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VR tech to revolutionize commercial driver training

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Serious Labs seems to have found a way from tragedy to triumph? The Edmonton-based firm designs and manufactures virtual reality simulators to standardize training programs for operators of heavy equipment such as aerial lifts, cranes, forklifts, and commercial trucks. These simulators enable operators to acquire and practice operational skills for the job safety and efficiency in a risk-free virtual environment so they can work more safely and efficiently.

The 2018 Humboldt bus catastrophe sent shock waves across the industry. The tragedy highlighted the need for standardized commercial driver training and testing. It also contributed to the acceleration of the federal government implementing a Mandatory Entry-Level Training (MELT) program for Class 1 & 2 drivers currently being adopted across Canada. MELT is a much more rigorous standard that promotes safety and in-depth practice for new drivers.

Enter Serious Labs. By proposing to harness the power of virtual reality (VR), Serious Labs has earned considerable funding to develop a VR commercial truck driving simulator.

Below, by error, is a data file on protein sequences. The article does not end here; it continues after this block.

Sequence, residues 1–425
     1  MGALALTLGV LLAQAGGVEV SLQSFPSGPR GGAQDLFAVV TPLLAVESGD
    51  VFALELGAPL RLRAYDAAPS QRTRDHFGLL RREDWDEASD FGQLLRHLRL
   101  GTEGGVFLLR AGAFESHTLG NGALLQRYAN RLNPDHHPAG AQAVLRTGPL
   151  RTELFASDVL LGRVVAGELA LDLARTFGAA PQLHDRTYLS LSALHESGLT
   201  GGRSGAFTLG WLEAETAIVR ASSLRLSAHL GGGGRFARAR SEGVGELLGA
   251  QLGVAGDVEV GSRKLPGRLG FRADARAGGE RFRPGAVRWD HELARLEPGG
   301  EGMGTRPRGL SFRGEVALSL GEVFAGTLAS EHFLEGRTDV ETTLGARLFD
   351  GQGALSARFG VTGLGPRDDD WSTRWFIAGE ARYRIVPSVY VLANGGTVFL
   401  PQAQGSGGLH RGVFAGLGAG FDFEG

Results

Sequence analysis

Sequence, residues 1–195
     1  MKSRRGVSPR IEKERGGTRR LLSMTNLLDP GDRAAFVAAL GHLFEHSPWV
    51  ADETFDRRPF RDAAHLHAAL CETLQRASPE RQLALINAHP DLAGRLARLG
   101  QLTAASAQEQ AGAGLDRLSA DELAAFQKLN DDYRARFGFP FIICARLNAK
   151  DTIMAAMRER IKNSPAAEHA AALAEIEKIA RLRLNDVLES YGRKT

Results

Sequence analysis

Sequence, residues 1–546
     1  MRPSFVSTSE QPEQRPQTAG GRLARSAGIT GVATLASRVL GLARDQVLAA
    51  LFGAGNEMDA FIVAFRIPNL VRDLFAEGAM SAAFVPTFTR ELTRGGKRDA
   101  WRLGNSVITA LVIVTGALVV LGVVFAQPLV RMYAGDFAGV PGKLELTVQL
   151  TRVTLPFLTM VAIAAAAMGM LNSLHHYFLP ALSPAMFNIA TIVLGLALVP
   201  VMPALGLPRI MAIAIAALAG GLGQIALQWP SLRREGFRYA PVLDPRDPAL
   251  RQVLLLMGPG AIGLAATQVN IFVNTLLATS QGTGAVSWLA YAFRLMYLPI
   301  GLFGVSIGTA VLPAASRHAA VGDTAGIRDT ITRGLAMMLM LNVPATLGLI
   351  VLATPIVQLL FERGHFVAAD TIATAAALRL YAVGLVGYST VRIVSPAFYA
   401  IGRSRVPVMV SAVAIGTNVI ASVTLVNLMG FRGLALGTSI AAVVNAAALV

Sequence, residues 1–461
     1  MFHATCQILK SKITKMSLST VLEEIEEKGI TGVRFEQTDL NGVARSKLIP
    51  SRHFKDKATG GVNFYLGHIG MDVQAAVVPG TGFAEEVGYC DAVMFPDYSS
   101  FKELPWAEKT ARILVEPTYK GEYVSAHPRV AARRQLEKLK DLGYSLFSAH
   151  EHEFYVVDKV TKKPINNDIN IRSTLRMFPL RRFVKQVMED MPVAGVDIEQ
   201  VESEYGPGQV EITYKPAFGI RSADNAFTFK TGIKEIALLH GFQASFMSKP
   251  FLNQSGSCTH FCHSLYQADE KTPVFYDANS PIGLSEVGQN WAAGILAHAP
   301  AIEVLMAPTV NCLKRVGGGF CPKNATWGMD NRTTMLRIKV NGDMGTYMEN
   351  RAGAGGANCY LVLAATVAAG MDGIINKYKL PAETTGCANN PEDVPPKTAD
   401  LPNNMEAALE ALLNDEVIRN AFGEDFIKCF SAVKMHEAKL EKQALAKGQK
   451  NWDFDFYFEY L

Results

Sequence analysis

The Government of Alberta has awarded $1 million, and Emissions Reduction Alberta (ERA) is contributing an additional $2 million for the simulator development. Commercial deployment is estimated to begin in 2024, with the simulator to be made available across Canada and the United States, and with the Alberta Motor Transport Association (AMTA) helping to provide simulator tests to certify that driver trainees have attained the appropriate standard. West Tech Report recently took the opportunity to chat with Serious Labs CEO, Jim Colvin, about the environmental and labour benefits of VR Driver Training, as well as the unique way that Colvin went from angel investor to CEO of the company.

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Next-Gen Tech Company Pops on New Cover Detection Test

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While the world comes out of the initial stages of the pandemic, COVID-19 will be continue to be a threat for some time to come. Companies, such as Zen Graphene, are working on ways to detect the virus and its variants and are on the forefronts of technology.

Nanotechnology firm ZEN Graphene Solutions Ltd. (TSX-Venture:ZEN) (OTCPK:ZENYF), is working to develop technology to help detect the COVID-19 virus and its variants. The firm signed an exclusive agreement with McMaster University to be the global commercializing partner for a newly developed aptamer-based, SARS-CoV-2 rapid detection technology.

This patent-pending technology uses clinical samples from patients and was funded by the Canadian Institutes of Health Research. The test is considered extremely accurate, scalable, saliva-based, affordable, and provides results in under 10 minutes.

Shares were trading up over 5% to $3.07 in early afternoon trade.